Not far down the road from where I live, nestled in a small shopping center in Wildomar, is one of my favorite places to spend an hour, and where on most mornings, you’ll find me. Bean, my little neighborhood coffee shop, welcomes me with open arms, gathering me in, folding me into its warm embrace. It has an eclectic feel, much less commercialized than Starbucks. They offer all the fruity, foamy, icy drinks one would expect, but my cup of tea is the coffee, freshly roasted, ground and brewed, served up black, with no room for cream.
The coffee is excellent, but the atmosphere is the main draw for me. I enjoy the social aspect, even though I don’t socialize. I like the friendly buzz of conversation, the people, some talking among themselves, others sitting alone with a laptop or notebook, fingers flying across the keys, most likely students from one of the local colleges doing an assignment or preparing for an upcoming test.
Across the room, two mothers quietly converse, enjoying a brief moment of calm from what might be a normal, hectic day. Two young children play at their feet, occupied with one toy or another, bothering no one. At a nearby table, a would-be employer is conducting a job interview, in a much more relaxed setting than one is accustomed to seeing. To me, that speaks volumes about the company he represents.
Occasionally, as though by common consent, the chatter dies momentarily, and the quiet sound of music can be heard, Michael Bublé, singing a Frank Sinatra song. It’s busy this morning, seating is at a premium, and a sharp eye and quick reflexes are a must if you wish to grab a just vacated seat, still warm from the previous occupant. As the buzz increases to a normal level, I look about the room, and knowing no one, still feel a sense of connection.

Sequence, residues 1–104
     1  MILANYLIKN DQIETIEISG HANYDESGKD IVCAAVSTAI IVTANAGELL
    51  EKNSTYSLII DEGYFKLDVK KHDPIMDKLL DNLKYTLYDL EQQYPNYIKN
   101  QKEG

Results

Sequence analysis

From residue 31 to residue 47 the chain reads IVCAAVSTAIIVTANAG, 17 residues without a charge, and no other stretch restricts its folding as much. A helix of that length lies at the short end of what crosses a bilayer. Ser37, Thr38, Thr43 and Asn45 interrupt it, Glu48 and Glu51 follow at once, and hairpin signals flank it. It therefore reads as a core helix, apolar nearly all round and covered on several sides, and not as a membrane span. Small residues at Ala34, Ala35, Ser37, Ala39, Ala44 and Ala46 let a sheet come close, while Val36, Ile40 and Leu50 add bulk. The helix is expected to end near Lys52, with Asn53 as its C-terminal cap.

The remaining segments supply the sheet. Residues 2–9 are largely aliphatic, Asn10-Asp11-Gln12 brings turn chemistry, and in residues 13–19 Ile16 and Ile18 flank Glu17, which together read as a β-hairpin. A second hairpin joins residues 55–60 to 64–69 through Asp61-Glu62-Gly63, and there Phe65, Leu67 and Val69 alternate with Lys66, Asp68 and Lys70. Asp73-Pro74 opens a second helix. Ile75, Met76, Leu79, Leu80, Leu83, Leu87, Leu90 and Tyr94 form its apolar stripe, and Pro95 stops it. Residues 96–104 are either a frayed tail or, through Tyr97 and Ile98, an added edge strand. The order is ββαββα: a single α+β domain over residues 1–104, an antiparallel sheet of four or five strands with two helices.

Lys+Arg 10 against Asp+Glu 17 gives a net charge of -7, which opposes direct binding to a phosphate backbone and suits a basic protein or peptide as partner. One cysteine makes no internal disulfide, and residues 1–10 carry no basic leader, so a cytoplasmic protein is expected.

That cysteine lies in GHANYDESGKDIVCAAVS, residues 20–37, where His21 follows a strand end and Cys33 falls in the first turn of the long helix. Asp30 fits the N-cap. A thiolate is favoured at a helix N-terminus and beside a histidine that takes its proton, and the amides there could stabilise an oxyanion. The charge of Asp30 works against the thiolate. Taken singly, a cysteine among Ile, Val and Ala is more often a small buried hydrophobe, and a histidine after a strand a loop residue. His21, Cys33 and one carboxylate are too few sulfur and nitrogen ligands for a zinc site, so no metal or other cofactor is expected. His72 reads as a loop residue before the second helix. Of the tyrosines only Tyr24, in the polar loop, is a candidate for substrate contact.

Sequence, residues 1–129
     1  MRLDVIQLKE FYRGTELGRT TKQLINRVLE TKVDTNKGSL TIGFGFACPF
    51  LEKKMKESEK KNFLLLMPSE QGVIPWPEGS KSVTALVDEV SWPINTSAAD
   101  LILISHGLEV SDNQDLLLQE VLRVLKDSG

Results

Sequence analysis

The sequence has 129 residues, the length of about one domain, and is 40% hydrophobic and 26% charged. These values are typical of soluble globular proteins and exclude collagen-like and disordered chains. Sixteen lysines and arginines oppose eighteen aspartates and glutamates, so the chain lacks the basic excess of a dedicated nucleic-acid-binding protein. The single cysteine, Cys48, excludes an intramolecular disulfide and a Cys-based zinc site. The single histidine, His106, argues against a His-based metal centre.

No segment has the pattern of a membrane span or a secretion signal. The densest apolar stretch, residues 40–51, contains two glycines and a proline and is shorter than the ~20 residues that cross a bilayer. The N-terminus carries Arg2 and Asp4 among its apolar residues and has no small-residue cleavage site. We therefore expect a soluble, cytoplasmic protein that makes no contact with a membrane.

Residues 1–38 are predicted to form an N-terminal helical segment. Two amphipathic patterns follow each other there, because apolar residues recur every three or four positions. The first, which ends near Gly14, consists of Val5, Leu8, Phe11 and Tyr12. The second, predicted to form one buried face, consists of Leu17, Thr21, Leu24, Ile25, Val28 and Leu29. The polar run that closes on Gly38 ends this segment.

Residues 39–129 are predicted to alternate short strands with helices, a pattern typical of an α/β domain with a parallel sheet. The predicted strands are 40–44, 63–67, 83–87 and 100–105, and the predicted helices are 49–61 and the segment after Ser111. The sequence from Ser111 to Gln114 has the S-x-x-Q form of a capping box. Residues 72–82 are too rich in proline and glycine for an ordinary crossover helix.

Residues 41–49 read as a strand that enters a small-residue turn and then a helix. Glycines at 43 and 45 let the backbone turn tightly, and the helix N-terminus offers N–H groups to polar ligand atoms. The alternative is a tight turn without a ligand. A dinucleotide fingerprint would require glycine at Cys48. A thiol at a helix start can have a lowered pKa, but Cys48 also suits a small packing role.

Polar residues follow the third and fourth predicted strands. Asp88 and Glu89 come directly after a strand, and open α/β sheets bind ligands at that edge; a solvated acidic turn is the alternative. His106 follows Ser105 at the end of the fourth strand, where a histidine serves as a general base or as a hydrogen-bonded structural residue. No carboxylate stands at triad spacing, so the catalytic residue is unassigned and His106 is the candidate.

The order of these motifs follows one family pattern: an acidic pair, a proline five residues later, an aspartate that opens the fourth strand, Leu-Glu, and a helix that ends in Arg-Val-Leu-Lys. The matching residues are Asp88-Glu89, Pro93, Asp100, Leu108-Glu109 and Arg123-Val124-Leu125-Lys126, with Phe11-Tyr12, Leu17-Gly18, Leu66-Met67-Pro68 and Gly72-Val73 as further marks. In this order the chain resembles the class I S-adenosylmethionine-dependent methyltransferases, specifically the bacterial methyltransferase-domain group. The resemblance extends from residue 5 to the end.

The little coffee shop feels like a bit of home. When I order my daily brew, few words are required. They know my preferences, what I like, and they serve it up with a smile. Standing at the counter, watching them work, I can tell that they enjoy what they do, the interaction with patrons, friends, being part of the connection.
Through the bustle, the relaxing background noise, the comings and goings, I can sit back, breathe in the aroma of my coffee, jot notes and observations into my tablet, on the chance that I might be able to use them in a story. Then I have to laugh at myself when I come to the realization that this is the story, and while some faces are different, some the same, the story will change as the cast of characters change. I like being part of the story, and as I look around at the people focused on their keyboards, I wonder if they too feel like a part of the story, or even by chance, are recording their own version of events.
My little coffee shop will be there tomorrow, as will I, as will most of us, taking a timeout from our busy lives to look around and see the things that matter.